The Petchary was quietly inspired on New Year’s Eve, after watching two television programs.  They each featured an incredibly creative young man – two “bright sparks” from opposite ends of the musical spectrum, and each in their own way more than just a star – more like a comet that stays for a while, a smudge of light in the sky.

Joe Strummer was born John Graham Mellor, the son of a British Foreign Service Second Secretary and his Scottish wife, in Ankara, Turkey.  He and his brother were sent to a “posh” boarding school in England at an early age.  He read widely, got three A levels, picked up the guitar, listened to the blues and African music, loved Woody Guthrie.   He experienced loss – his brother committed suicide in London’s Regents Park.  He got expelled from art school, played in London tube stations and worked as a gravedigger for a while.  In the early 70s in London, it was seen as cool and ultra-rebellious to live in a “squat,” and so Joe did.  One of his first bands, the 101ers, was named after the number of the house they squatted in.


Joe Strummer
Young Joe at the microphone. He did strum too of course - rhythm guitar.


By the time he co-founded the punk rock band The Clash, Joe did not sound so posh.  The band played its first gig in 1976 in a Sheffield pub, and the rest is the decade-long history of a band that grabbed the increasingly self-indulgent London music scene by the scruff of its neck and shook it till the stuffing fell out.  They screamed, they spat, they bellowed, they raged; they even played reggae, with their mentor, the inimitable Mikey Dread of Harlesden fame – Dread at the Controls.  Joe’s voice was urgent and angry.  His lyrics were delirious, powerful and fell like rain.   Then they took the United States by storm, and caused a riot in Times Square.


London Calling album cover
The classic punk album cover. The Petchary treasures this one.



From “Dizzy’s Goatee”:

And now ain’t the time to hit the station
Crowded with the ghosts of the Be Bop Nation
‘Tranes of thought and times of tones
Sometimes a little wistful cigarette smoke blowing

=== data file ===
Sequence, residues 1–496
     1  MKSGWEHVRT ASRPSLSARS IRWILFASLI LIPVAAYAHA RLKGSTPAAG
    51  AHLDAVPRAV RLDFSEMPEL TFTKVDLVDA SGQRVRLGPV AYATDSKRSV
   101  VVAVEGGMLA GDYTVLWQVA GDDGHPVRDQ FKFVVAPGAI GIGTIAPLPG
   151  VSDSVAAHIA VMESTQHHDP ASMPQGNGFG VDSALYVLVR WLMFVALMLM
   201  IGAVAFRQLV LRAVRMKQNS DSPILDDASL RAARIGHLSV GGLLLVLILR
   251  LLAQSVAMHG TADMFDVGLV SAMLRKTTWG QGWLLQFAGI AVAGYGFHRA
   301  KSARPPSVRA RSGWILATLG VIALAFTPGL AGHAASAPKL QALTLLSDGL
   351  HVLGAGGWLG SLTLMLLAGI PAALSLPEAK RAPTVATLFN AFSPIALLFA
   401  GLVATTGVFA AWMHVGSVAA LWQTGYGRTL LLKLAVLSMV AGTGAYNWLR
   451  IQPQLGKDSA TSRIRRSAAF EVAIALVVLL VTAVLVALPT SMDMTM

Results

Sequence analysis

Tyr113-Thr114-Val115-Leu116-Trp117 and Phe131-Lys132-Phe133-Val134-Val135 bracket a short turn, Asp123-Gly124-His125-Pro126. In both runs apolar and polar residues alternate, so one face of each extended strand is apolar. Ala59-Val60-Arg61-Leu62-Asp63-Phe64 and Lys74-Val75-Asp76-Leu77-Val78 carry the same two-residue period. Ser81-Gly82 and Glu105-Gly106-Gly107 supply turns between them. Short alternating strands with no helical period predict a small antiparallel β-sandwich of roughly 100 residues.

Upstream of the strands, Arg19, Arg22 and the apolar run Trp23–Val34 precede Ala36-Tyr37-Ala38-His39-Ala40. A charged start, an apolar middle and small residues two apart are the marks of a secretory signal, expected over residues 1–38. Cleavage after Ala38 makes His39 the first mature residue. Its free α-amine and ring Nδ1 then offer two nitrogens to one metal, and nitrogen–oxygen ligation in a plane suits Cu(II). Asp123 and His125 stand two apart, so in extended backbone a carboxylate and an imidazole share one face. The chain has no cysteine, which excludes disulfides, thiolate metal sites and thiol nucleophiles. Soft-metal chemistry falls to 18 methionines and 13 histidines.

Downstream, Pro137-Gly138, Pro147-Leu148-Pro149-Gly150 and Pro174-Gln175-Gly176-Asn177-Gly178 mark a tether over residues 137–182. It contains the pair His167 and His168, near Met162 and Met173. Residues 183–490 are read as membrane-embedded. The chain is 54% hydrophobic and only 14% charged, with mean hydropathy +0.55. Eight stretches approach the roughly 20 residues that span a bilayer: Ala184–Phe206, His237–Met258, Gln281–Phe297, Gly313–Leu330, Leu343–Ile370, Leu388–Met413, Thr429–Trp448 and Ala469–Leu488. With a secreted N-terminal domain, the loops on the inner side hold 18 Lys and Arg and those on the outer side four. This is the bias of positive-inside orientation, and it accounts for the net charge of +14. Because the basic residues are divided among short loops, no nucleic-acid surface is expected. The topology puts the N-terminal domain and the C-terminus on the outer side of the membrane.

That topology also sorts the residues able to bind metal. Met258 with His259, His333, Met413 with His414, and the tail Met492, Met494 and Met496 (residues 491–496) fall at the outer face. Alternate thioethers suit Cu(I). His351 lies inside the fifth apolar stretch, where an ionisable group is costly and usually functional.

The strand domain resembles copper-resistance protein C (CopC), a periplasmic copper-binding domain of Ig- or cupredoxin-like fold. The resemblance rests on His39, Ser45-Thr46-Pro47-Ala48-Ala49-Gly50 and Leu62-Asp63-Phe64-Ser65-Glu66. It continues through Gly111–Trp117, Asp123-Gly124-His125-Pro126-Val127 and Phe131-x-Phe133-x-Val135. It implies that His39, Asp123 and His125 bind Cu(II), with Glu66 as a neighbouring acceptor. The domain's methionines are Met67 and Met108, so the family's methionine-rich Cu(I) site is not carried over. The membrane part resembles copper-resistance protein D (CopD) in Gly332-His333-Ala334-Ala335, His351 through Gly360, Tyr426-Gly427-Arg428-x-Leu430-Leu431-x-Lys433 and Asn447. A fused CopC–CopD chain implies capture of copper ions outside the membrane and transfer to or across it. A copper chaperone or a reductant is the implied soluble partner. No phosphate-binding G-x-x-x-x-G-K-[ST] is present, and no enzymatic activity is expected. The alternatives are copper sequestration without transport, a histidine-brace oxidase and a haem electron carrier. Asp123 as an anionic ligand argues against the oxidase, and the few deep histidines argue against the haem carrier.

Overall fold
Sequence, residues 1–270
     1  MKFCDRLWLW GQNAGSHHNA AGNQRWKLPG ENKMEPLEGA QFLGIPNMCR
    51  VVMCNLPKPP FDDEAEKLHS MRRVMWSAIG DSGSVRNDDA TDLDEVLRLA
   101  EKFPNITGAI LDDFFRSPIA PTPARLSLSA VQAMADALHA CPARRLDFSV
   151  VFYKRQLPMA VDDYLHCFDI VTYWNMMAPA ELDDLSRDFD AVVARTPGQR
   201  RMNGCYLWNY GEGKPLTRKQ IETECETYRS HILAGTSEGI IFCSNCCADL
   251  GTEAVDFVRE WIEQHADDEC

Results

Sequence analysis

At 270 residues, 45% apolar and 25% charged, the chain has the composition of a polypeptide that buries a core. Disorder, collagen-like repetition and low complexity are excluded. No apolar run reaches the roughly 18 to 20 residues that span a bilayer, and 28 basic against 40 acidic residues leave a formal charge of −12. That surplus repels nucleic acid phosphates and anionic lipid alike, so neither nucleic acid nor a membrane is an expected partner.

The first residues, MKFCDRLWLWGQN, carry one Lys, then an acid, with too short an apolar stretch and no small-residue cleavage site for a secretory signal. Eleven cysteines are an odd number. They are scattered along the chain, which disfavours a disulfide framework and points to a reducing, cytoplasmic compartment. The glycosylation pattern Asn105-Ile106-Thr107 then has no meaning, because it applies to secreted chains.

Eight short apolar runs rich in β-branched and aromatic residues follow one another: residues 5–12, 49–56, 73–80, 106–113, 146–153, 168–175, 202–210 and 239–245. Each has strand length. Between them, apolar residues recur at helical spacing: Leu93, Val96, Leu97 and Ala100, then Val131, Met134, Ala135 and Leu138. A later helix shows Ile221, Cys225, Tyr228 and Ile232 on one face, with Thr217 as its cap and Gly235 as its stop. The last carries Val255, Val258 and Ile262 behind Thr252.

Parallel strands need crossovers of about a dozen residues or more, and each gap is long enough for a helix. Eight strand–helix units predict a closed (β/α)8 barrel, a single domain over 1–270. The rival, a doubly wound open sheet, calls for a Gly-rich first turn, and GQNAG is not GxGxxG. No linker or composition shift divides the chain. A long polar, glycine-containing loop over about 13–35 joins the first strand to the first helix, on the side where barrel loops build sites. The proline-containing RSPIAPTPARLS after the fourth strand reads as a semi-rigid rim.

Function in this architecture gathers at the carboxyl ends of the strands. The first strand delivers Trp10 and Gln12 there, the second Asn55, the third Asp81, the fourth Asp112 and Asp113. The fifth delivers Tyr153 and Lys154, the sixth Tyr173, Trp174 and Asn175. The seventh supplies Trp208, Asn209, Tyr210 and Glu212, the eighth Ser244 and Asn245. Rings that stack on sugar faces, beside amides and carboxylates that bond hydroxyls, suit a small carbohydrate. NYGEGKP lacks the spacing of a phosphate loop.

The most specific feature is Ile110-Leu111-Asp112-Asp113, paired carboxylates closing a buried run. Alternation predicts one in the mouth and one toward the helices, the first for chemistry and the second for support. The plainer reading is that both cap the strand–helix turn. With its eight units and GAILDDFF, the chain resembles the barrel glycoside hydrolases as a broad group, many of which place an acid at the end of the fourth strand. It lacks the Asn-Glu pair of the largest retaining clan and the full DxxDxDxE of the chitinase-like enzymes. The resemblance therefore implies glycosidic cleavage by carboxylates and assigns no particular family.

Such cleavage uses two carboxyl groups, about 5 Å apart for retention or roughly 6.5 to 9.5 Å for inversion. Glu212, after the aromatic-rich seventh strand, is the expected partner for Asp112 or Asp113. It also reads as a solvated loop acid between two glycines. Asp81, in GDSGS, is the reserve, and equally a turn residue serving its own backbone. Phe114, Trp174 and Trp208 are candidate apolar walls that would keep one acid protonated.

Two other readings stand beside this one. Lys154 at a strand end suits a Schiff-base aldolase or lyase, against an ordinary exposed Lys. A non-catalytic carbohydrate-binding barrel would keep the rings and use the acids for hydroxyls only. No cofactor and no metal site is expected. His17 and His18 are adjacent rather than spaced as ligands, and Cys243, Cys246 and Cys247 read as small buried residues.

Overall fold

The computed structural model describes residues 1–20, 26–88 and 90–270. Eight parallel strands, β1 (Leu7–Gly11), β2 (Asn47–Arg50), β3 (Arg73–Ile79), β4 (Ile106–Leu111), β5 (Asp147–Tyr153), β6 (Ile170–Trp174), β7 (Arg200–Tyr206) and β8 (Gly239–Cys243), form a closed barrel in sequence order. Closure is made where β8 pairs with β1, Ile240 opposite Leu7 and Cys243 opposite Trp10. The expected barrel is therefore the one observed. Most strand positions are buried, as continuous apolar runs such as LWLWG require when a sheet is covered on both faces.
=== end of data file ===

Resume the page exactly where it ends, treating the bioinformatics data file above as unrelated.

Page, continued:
The President blew so that Bird could live
And each along the wire could give
The sunglass vision and the golden clef
And the ghetto rod divine which notes are left

To “Shouting Street”:

Oh let me rock it out on shouting street
And borrow money from me neighbours
Oh let me rock it out on shouting street
In fifty seven flavours.

To “Leopardskin Limousines”:

It’s your Chinese year of the animal
And it must be one that preens
Those firecrackers going down the hill
Signify the end of our dreams

It’s gonna be so beautiful
In those Leopardskin Limousines
When they spread you out in white
All over Harpers and Queens.

Stunning lyrics, a wealth of words.

But what of Joe?   After the demise of the Clash (a common tale of too much success and not knowing what to do with it) he went on burning.  The Clash was very political, of course (their 1980 album was called “Sandanista“),  and Joe continued to espouse left-wing, anti-racist causes, while writing, writing, writing, acting, and searching.


Joe Strummer
Classic Joe, the ultimate in cool - but the humor is there too


But he had his personal crises – when told to go away during a falling out with fellow musicians, he did just that and completely disappeared for a while.  He had a few so-called “wilderness years” – but most creative people have those, a kind of recharging perhaps.  Then he formed his own band, The Mescaleros, which played an invigorating mix of world music, punk, rock, jazz, funk and more. Call it post-punk or something, if you will.


Joe Strummer mural
The red, gold and green mural in memory of Joe in New York City. Did you know Joe and The Mescaleros recorded a version of Marley's "Redemption Song"?


Joe’s last gig was at Acton Town Hall in west London in 2002.  His former Clash sparring partner, guitarist and songwriter, Mick Jones, joined him on stage for the first time in twenty years to play the band’s song “Bank Robber.”  Just one month later, Joe returned home from walking his dogs and was sitting on the sofa reading the paper when he died, at age 50, from a heart attack.  He had a congenital heart condition that no one even knew about.

The interesting – and moving – thing about Joe, out on his own, was his gradually emerging sense of community, of humanity.  This developed into the concept of the campfire – a place to share, to create, to play and sing together.  But hold on a minute – the old, hard, cursing Joe, who despised hippies… doesn’t this sound a bit like, well, New Age hippie stuff?  Yes, he is even quoted in the remarkable documentary I watched, “We’re all old hippies at heart.”  But going soft he was not.  He believed fiercely in the campfire as another creative process.


Campfire at Glastonbury
One of Joe's campfires... post-hippy, post-punk, global


The fire burned all night.  And Joe was often the last one sitting by it, at dawn.

The campfires have continued in his memory, ever since.

Joe’s cry was, “Remember, you’re alive!”  He lived truly in the moment – which was the Petchary’s New Year thought in an earlier blog.  Seize the day.

More about the second great creative spark, in my next post.

Meanwhile…Remember, you’re alive.

3 thoughts on “Rebel

  1. Hi Petchary, yesterday I watched “The Future is Unwritten”, yes, it was indeed a most inspiring story. And it was your bro james who recently gave me a copy of Jo and The MescaleroJ CDS, great stuff. Cheers, Rob


    1. I found the film quite moving. James has always been good at finding great music! I have always had a soft spot for Mr. Strummer, but learnt quite a bit more from the documentary.


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